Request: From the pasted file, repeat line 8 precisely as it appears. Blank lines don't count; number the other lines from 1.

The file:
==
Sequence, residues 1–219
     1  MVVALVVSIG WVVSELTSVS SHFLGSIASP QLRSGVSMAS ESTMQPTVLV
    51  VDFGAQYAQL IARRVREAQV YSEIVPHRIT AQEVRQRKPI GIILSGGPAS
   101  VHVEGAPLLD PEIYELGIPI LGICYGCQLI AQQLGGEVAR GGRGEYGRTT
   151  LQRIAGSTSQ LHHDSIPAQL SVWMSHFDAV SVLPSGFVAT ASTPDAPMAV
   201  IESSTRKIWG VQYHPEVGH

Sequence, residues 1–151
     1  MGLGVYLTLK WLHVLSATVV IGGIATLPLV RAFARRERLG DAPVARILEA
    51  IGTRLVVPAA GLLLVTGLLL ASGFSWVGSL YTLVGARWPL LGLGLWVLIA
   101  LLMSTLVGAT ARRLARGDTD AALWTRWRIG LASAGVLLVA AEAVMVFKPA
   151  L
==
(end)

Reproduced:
     1  MGLGVYLTLK WLHVLSATVV IGGIATLPLV RAFARRERLG DAPVARILEA